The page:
Young Earning More Due To Obamacare Thanks To Remaining On Parents’ Insurance Plan & Conservatives Distort Report On Narrow Networks

Two health care items today, one on a benefit of the Affordable Care Act and another on a news item which conservatives are distorting to attack Obamacare. First the positive news.

I have discussed the benefit of the Affordable Care Act freeing people from the “insurance trap” in which they take jobs they otherwise would not want to work at purely to obtain health insurance. Allowing people more options to obtain insurance coverage independent of large employers allows people to retire earlier if they desire, go to work for smaller companies, or even start their own companies. The Journal of Health Economics considered another group of people freed from the “insurance trap” by Obamacare–young people who are allowed to remain on their parents’ insurance policies until age 26. They found that those who lived in states with similar laws were able to go to school at an older age and this also resulted in higher wages.

Health Economist Austin Frakt looked at this study for The New York Times:

One of the earliest pieces of the health-care law to go into effect — and one of the easiest to understand — was the one that allowed adults under age 26 to remain on their parents’ insurance plan. It has long been clear that the policy has somewhat increased the insurance rate among young adults. Now a new study suggests the effects may be much broader, also leading to increases in educational attainment and the wages of young adults.

The findings suggest that the health law has given young adults more flexibility to make decisions they think are best for them financially, rather than making decisions simply to obtain health insurance. With coverage from their parents’ plans, they can remain in college or graduate school, rather than leaving to take a job that provides health insurance. The cost of college is also potentially lower for such students because some colleges require health insurance coverage, which raises the cost of attendance.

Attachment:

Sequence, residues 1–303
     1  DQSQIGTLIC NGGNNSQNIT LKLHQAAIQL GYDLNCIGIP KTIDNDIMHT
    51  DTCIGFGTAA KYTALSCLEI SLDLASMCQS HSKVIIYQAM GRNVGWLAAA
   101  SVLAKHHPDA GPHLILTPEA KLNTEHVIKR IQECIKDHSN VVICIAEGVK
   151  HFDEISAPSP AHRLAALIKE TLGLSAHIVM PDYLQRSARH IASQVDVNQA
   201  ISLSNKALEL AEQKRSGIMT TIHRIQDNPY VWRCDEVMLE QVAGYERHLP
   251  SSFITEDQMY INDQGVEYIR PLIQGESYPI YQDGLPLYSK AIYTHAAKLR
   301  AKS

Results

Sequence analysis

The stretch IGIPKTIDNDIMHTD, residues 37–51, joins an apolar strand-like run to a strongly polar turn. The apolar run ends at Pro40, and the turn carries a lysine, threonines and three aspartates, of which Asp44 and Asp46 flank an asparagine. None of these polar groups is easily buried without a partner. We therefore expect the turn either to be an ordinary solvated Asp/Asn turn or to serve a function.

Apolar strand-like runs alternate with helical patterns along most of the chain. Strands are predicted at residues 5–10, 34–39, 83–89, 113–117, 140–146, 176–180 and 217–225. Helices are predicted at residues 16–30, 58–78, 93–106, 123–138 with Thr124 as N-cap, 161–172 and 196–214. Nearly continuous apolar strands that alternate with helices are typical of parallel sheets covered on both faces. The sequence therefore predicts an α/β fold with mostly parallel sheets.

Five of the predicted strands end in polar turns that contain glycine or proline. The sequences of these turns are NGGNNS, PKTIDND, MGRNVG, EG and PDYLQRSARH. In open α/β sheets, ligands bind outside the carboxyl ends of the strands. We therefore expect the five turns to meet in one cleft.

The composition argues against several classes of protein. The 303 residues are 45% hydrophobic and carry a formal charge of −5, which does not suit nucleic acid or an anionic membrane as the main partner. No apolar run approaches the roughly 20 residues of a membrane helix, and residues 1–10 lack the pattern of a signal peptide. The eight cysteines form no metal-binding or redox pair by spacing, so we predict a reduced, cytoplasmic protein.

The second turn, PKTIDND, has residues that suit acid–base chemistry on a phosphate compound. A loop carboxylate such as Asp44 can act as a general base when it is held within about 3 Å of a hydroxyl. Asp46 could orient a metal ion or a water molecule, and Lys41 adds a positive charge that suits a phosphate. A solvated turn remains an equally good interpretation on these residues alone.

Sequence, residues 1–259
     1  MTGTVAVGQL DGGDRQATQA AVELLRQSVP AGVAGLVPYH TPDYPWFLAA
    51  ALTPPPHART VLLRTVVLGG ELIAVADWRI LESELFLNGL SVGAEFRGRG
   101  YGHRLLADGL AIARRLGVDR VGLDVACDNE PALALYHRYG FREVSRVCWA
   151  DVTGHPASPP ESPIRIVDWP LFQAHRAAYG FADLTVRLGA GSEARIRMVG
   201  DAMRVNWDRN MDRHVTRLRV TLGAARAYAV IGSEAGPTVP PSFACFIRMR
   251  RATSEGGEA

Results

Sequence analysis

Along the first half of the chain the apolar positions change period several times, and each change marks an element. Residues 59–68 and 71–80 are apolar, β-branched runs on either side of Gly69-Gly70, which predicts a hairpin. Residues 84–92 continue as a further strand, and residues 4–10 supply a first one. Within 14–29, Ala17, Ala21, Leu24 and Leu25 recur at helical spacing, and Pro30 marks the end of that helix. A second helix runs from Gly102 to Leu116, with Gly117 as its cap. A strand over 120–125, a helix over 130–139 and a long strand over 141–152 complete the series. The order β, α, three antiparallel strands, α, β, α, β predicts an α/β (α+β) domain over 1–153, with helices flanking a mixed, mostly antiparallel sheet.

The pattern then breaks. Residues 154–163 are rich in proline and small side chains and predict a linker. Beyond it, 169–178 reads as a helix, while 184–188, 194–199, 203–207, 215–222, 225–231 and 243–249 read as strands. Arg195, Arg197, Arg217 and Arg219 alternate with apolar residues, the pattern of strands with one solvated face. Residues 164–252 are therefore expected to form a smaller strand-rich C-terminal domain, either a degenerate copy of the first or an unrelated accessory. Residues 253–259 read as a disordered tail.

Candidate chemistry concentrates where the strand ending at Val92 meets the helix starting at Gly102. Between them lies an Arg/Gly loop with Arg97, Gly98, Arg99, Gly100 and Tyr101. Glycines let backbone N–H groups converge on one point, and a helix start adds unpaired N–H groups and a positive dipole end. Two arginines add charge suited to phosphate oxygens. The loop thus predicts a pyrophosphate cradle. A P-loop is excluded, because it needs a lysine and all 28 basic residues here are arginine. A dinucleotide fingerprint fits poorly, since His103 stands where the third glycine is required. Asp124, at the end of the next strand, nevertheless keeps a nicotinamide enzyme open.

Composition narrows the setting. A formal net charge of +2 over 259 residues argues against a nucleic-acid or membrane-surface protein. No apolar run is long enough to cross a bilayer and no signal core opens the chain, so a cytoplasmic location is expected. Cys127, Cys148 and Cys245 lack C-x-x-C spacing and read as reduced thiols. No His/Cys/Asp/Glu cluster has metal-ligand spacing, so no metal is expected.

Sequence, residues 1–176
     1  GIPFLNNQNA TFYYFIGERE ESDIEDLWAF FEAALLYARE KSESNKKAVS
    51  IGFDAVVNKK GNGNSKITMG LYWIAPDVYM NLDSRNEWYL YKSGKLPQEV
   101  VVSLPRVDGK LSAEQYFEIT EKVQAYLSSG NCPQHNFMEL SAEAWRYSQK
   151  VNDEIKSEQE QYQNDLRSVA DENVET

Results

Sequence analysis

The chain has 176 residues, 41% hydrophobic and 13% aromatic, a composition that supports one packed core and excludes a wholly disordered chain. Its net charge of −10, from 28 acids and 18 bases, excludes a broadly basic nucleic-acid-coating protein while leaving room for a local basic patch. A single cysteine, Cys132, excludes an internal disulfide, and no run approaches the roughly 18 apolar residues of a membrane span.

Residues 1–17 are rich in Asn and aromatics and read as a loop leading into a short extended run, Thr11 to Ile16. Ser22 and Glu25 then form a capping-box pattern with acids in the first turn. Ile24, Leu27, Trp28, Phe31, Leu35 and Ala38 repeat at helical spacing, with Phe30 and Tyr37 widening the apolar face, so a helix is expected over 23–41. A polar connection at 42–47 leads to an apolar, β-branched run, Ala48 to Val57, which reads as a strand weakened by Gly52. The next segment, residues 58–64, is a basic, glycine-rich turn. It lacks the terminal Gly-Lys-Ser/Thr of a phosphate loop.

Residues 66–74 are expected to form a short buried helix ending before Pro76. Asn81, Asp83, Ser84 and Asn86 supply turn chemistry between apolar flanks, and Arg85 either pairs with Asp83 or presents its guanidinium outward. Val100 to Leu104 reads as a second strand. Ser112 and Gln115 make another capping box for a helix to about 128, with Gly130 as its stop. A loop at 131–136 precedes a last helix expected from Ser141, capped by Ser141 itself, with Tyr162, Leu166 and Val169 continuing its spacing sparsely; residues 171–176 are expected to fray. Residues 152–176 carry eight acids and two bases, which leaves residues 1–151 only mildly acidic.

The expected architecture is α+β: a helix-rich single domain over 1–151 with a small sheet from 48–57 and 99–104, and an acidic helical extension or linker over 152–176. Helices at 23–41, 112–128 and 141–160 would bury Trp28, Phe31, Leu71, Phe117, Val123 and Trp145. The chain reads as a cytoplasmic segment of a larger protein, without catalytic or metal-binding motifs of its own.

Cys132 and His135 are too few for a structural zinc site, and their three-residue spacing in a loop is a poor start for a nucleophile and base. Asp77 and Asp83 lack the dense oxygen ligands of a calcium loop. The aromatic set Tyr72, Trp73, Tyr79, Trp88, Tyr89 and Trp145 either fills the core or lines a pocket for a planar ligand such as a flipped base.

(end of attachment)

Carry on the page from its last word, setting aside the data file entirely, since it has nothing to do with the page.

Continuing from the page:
With coverage in place, once students leave school, they can consider a broader range of jobs, including some that do not offer good health insurance or any health insurance. This finding is consistent with the academic literature on “job lock,” which has consistently shown that people who do not need to take a job with employer-based coverage have more flexibility, resulting in better employment matches with higher wages on average.

The Affordable Care Act appears to have increased health-insurance coverage among people under 26 by about 3 to 7 percentage points, academic research has found. The new study, published in the Journal of Health Economics, does not directly examine the health-care law, though. (It’s too recent to know its long-term effects.)

The study instead examines the earlier state-based laws with similar requirements that adult children be able to remain on their parents’ plans. It found that for people who were at least 18 at the time a coverage law was passed, wages earned after age 22 increased by about 2 percent. An increase in education drove the wage boost for men.

No similar educational effect was found for women, yet their wages increased as well. Those wage gains may stem from the new employment flexibility the law gives young women, allowing them to avoid job lock.

If anything, the Affordable Care Act may have a bigger effect than the state-based laws, because it has a broader mandate. While the state laws don’t apply to all types of employers, the federal law does. The new study estimates that the law will lead to sustained wage increases for affected young adults closer to 4 percent.

The New York Times also has an article on the trend for insurance companies to use narrower panels of physicians to cut costs. While several conservative sites are quoting this article to attack Obamacare, the article points out that this trend actually started in the 1990’s and has become increasingly common in all forms of insurance, not just plans sold on the exchanges. The article specifically points out that  “Smaller networks are also becoming more common in health care coverage offered by employers and in private Medicare Advantage plans.”  It also notes that “In 2010, 24 percent of the largest employers offered smaller networks, chosen for their low costs or quality. Last year, 27 percent offered them and 44 percent said they were considering them…”

The Affordable Care Act preserves the dominant role of private insurance companies. As a result, it does not prevent private insurance companies from continuing the trend towards smaller networks, but this is also not something developed because of the Affordable Care Act. The difference is that there are new regulations on insurance companies requiring that they maintain an adequate network of physicians. There are also a variety of policies available on the exchanges. Many people chose the less expensive plans (often free to those who receive subsidies) with narrower networks, but also have a choice of other plans which would give them a greater choice of physicians and hospitals.